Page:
“There are fewer passengers in Richmond and Fremont than in the Richmond District of San Francisco.”
For those who don’t know the Bay Area, this is impressive because the cities of Richmond and Fremont have two BART stations a piece, while the Richmond District is over 2.5 miles from the nearest BART station and only has local bus service along congested city streets.
Geary Blvd thru the Richmond District is one of the few places in the USA that definitely could support Heavy Rail / Metro capacity ridership even without redevelopment or higher gas prices. In fact, BART was supposed to have a line down Geary, continuing to Marin county, back in the original plan. But issues with the Golden Gate Bridge and Marin County’s lack of support for increased taxes killed that route. Now, Geary may get BRT for the meantime. Buses already carry over 55,000 rides per day on Geary Blvd alone (there are more on parallel routes), so improved service is desperately needed.
“Don’t be too distracted by acceleration and braking times; they don’t make that much difference at this scale compared to the number of stops.”
Right. This is true for Light Rail or BRT, which has max speeds of about 55 mph and quick acceleration/braking (limited in regular operations by passenger comfort rather than vehicle performance. Acceleration great than 1 m/s or 2 mph/sec makes people fall down or get carsick).
I mentioned “In comparison, commuter rail stops every 1 to 3 miles in most places” but did not elaborate. Commuter rail IS limited by acceleration rather than top speed. The diesel trains used by Caltrain and Metrolink in California take 1/2 to 3/4 mile to reach top speeds of 80 to 90 mph, and almost as long to slow down and stop. So it makes sense to keep stops at least 1 to 2 miles apart; otherwise you never get up to speed.
Electric commuter trains, such as Metro North in New York, can accelerate at 2 mph/sec just like light or metro rail, but have top speeds of 110 mph in the USA (and perhaps 125 mph in some other countries). With the higher acceleration and higher top speed, you still need at least 1/2 mile to accelerate and 1/2 mile to brake, so stations closer than 1 or 2 miles apart really slow you down.
But with BRT, we are up to speed (60 mph) in 1/4 mile, so stopping every 1/2 to 1 mile is not wasteful.
I can agree with 1 mile station spacing. I am willing to walk 1/2 mile and it is an easy distance to bike. Also, many suburban areas only have perpendicular bus lines every 1 mile anyway, so people in between are used to walking that distance. But 2 miles between stations seems too far for pedestrians. At that distance some people are walking over 20 minutes and average walk time is 15 minutes, so 1/2 of passengers would be better off taking a local bus or bike for trips under 4 miles, and would likely have to take a bus and transfer, or bike to the nearest BRT stop, for longer trips.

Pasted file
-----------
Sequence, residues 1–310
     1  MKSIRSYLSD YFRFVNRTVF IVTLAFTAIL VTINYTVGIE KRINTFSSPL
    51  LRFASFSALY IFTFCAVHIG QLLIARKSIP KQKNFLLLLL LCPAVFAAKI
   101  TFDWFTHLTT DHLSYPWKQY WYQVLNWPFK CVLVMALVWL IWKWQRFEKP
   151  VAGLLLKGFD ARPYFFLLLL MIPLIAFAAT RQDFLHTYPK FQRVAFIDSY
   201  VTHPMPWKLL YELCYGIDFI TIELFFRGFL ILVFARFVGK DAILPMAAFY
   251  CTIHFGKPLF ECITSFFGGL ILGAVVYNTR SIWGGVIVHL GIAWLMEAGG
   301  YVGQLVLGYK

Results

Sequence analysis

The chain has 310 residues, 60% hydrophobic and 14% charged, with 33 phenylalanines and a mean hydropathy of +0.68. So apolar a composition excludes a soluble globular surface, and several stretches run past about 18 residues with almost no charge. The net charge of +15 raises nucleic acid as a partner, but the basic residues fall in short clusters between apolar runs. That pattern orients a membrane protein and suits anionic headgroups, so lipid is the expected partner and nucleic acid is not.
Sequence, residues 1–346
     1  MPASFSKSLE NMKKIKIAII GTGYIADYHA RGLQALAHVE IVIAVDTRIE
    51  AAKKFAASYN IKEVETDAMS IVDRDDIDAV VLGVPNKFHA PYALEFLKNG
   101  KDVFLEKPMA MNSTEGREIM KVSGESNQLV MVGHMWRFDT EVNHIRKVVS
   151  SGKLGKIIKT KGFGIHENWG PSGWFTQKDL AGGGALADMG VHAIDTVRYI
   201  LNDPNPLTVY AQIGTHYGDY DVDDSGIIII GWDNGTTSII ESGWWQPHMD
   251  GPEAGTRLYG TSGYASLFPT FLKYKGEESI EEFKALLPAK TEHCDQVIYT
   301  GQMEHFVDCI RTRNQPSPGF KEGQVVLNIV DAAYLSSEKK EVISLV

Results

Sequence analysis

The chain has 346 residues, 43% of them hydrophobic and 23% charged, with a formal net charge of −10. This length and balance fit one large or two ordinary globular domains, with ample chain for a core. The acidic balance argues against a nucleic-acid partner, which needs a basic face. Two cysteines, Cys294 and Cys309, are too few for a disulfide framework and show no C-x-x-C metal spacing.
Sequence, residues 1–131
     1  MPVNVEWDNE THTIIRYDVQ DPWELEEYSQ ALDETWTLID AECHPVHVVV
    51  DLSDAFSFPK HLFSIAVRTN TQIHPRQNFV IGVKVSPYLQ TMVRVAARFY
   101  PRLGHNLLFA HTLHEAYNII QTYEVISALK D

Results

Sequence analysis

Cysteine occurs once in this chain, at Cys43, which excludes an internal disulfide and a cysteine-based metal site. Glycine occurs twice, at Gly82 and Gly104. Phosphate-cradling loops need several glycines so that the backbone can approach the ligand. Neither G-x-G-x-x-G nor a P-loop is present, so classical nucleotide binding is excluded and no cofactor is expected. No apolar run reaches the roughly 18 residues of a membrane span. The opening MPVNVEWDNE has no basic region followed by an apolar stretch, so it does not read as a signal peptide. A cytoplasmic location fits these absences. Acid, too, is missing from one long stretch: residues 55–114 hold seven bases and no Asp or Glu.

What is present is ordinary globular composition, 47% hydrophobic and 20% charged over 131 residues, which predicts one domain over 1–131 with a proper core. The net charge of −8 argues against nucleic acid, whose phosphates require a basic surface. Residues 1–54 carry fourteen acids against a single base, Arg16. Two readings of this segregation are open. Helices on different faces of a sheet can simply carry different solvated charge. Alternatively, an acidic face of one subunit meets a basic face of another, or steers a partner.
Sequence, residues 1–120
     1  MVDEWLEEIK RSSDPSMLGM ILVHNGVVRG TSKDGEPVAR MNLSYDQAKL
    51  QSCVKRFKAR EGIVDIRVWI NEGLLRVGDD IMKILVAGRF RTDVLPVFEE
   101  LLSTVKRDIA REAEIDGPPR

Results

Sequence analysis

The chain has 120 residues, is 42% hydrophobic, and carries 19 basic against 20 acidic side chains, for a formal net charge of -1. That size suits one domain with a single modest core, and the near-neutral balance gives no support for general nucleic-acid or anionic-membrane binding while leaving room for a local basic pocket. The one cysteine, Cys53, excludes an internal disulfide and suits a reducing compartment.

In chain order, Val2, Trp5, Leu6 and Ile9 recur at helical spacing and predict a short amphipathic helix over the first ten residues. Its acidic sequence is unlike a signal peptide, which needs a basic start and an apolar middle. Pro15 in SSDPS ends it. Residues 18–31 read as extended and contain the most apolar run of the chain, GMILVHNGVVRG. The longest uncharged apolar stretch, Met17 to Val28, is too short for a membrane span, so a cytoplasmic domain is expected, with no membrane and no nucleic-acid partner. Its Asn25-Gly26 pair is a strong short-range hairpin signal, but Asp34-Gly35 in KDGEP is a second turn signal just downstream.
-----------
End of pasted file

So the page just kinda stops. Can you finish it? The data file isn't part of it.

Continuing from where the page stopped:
I agree that the cost of stations probably had a great deal to do with the spacing used. Hopefully, they will be able to add a few more in between, if warranted, in the future.
Anyone from Snohomish county around? How is the reliability of Swift so far? Does it stick to the schedule? Would it be significantly faster with dedicated lanes?
For clarification, what I meant in my Richmond versus Richmond District quip is that BART would’ve gotten much higher ridership if instead of extending far out into the suburbs, it had served dense neighborhoods more, with a line under Geary and more intra-Oakland service.
I’m from Snohomish County!
A few clarifications from a local who watched the system get built:
-Swift opened yesterday, so its hard to say how its working!
-Dedicated lanes aren’t too importatn as they’re already Business-Access-Transit lanes (right turns only except transit) along 11 or so miles of the route. The local buses never had a problem and they’ve been using these lanes for 5 years. The BAT lanes were paid for by the regional entity Sound Transit some years ago (I think).
-The large 2-mile gap is a rather desolate industrial area with little residential zoning or transit ridership. Plans for infill stations do exist if the demand requires.
Any questions about it, feel free to ask and I’ll try an answer!
Mike–did you mean to comment on this thread, or the one on the Snohomish County “BRT” line?
(BRT being in quotes not because I mean to criticize the line in question, but simply because I think the term is too slippery to use in this forum. 🙂
Ignore the question in my last post–brain fart.
One thing I did notice is that labor issues may have effected the level of integration between the transit agencies involved. Community Transit appears to be non-union, whereas the Everett transit district is unionized–and the union in question is mightily pissed that bus service is now present in their “turf” not being driven by their drivers. (The new service didn’t result in any lost union jobs).